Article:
Why De-escalation Training Is Essential for CSRs
I recently moved to the beautiful state of Colorado and made an appointment at the DMV to get my driver’s license. I looked online at least 3 times to make sure I had the right documents, made the earliest appointment I could, took time off work, showed up early, checked in, and waited in my designated spot until my number was called.
As it turned out, I did not have the right documents. The woman at desk #10 did not point this out to me right away. Instead, she typed some things into the computer, looked at my Pennsylvania license and social security card, tapped her fingers on the pieces of mail I provided, and then wandered over to the printer for a few minutes without telling me why. She returned with a sheet with my name on it, upon which she slowly highlighted each of the documents I would be required to bring with me when I returned… on another day… after more time off work. She was never exactly rude, but her tone and deliberate highlighting were condescending and made me feel stupid – and if there’s one thing I don’t tolerate well, it’s being patronized and made to feel like I didn’t read the rules. I ALWAYS read the rules.
I left feeling like I might need to hit something, and I sat in the car for a minute to cool down. Why was I so angry? I knew the mistake was mine. It wasn’t until I had gotten home and started explaining the incident to my partner (who was loyally irritated on my behalf) that I realized it was almost entirely because of the way the woman had treated me. Had she smiled apologetically and said something like, “This happens all the time, I know the website isn’t the best,” I would have been annoyed only at myself and much less inclined to be rude, feel like I might cry out of frustration, or want to find the nearest punching bag.
This visit was a classic example of how a normally polite and compliant rule-follower can quickly escalate to anger - even though I was the one who made the mistake. This escalation happens even more easily when emotions are high, as they often are in our veterinary practices.
Debbie Boone, CVPM, our guest on the May 10, 2022 episode of Central Line: The AAHA Podcast, has over 30 years of experience managing veterinary teams, and she advocates for giving our client services representatives specialized training in how to read human behavior, prevent or deescalate situations that could lead to blowups whenever possible, and say “no” the right way. Here’s an excerpt from our conversation, made possible with support from CareCredit.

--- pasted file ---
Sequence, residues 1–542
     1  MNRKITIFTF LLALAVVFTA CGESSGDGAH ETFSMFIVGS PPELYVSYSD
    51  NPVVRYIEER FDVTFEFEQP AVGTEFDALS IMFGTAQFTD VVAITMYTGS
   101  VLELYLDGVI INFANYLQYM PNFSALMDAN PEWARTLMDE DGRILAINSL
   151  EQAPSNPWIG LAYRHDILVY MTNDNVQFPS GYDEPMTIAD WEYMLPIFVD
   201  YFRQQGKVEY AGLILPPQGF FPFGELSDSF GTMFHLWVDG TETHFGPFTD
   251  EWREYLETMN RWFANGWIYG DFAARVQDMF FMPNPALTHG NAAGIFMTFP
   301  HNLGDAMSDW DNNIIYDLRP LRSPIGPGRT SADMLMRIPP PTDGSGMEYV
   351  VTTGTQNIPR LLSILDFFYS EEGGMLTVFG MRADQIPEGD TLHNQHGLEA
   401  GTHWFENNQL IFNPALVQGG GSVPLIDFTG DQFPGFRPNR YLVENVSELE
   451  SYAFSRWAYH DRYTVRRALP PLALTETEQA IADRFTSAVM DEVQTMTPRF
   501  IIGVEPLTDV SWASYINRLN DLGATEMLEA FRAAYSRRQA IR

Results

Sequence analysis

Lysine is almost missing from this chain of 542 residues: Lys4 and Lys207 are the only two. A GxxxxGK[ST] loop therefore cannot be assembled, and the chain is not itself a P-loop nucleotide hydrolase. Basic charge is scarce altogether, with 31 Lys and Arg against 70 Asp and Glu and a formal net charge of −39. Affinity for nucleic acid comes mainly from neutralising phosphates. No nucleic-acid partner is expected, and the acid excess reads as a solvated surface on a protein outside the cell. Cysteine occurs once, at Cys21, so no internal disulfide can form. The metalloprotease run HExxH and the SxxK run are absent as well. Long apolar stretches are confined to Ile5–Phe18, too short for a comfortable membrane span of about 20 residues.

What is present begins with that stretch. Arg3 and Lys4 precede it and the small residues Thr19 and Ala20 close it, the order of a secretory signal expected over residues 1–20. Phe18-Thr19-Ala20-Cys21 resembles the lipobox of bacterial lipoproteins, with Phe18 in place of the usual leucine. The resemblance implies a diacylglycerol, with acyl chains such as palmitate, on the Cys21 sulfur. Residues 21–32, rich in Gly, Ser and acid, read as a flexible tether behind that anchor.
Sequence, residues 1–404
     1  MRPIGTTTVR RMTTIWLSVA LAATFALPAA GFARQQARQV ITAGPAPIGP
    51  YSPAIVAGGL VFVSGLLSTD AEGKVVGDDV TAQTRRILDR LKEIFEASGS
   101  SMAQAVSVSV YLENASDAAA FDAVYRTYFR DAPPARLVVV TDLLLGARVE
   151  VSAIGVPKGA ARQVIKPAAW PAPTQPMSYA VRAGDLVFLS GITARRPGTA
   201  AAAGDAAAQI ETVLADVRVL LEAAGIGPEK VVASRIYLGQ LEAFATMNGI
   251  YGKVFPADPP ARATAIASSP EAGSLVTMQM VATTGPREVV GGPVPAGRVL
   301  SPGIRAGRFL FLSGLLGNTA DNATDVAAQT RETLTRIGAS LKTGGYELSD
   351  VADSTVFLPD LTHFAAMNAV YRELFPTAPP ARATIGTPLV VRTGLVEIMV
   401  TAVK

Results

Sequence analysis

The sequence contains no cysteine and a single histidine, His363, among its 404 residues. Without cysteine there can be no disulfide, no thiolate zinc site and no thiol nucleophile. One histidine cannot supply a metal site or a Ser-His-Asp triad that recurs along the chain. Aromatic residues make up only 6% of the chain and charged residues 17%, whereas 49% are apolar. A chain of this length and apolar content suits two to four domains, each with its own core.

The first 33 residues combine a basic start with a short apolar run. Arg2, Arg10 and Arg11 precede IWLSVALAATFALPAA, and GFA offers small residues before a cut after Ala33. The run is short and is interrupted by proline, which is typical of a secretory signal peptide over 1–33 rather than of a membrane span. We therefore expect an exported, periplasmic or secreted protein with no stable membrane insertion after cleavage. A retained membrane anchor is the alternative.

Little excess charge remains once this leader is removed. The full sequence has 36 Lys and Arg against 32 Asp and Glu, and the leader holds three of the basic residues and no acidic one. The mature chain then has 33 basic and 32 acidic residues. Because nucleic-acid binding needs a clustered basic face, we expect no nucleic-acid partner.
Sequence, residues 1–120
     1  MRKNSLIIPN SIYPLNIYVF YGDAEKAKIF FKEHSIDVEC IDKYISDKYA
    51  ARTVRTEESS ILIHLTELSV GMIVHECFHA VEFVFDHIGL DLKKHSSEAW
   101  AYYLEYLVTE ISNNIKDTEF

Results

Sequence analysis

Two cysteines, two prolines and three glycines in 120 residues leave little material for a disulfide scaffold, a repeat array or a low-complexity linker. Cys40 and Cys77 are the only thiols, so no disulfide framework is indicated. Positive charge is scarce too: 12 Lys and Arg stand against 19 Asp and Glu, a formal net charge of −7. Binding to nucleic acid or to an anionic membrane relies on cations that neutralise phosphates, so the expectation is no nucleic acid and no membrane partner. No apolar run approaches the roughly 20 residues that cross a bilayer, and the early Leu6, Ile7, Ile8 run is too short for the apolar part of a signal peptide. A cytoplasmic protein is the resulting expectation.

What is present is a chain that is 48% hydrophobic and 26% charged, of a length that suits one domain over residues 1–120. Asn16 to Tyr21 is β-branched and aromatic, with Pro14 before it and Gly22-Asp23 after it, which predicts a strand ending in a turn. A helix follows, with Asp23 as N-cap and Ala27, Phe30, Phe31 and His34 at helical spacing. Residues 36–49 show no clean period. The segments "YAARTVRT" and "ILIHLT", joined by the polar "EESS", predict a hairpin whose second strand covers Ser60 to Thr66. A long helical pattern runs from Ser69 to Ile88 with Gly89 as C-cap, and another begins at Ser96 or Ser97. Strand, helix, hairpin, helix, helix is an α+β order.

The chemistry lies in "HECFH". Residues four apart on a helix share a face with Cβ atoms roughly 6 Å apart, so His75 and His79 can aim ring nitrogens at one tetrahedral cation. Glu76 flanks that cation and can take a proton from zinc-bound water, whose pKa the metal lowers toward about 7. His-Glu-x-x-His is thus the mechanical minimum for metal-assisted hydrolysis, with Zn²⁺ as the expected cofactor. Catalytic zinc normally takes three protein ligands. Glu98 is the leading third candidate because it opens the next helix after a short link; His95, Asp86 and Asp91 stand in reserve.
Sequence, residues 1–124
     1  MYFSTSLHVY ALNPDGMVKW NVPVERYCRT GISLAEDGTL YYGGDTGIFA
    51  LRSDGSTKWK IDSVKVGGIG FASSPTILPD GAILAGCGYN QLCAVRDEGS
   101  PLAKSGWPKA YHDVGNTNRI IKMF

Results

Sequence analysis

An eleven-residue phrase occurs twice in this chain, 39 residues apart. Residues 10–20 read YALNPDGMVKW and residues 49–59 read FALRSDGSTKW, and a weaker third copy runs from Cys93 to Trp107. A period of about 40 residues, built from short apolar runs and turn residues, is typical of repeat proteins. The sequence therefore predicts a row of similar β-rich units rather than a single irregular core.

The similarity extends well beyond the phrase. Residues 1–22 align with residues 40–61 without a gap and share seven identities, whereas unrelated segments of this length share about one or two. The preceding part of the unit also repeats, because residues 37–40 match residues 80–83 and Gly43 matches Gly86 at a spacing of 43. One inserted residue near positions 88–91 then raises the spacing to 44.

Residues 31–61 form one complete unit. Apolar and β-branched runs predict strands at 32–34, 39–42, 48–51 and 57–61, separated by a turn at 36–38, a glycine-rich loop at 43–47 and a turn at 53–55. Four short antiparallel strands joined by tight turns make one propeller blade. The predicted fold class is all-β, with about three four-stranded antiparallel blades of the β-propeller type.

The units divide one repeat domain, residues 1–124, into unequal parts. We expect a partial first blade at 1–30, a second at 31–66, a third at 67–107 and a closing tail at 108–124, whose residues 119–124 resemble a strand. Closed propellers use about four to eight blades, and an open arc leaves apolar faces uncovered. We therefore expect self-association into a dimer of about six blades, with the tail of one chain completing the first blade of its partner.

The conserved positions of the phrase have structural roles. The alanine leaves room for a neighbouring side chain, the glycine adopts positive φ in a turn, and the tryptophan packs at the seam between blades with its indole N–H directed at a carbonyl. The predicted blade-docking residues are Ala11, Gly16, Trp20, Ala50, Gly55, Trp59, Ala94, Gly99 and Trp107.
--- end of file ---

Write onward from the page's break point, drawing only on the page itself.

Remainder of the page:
Debbie Boone: We teach people, “When you answer the phone, say this.” But we don’t teach people to be aware of the emotion behind why people are acting the way they are… That empathy is so important in these challenging situations. A lot of times, we haven’t paid attention to the subtle signs… and sometimes we have inadvertently been the flame thrower, because we say things that set people off.
Katie Berlin: And we are all bad at [this] when we’re stressed and upset, and we have all been stressed and upset for a long time. And clients are more stressed and anxious than they’ve ever been.
DB: When we don’t blindside people, chances of their blowing up are much lower than if we just surprise them with stuff. You have to give people messaging over and over again, but we also need to pay attention to the things that are happening in people’s lives. They will sometimes give us subtle cues about that, and that is active listening.
KB: That’s a good point – that’s something CSRs can do. They can feel empowered to listen to [a client’s] story and write everything down… make sure they’re including those little details. That is such an important part of the job, just remembering to take in what you’re hearing.
DB: My [CSR] team was trained on medicine, because they’re the ones who are answering the screening questions. They knew the anatomy of ears and rears because that’s what we talk about 90% of the day.
KB: … It probably escalates a lot of people who get on the phone with a CSR if they don’t feel like any of their questions are getting answered.
DB: When you have somebody who’s really confident in their knowledge on the telephone with you and they’re answering your questions, then there’s trust built up. And that is really the most important thing we can get in veterinary medicine. One of the really important reasons for training all of your team on what your standards and protocols are is because clients are going to get a consistent message through every person on your team.
Catch the rest of Debbie’s episode anywhere you get your podcasts, including Apple, Spotify, and Stitcher; on YouTube; or find links to all of these platforms, full audio and video, and transcripts to every episode at aaha.org/podcast.
This episode was made possible with generous support from our friends at CareCredit.
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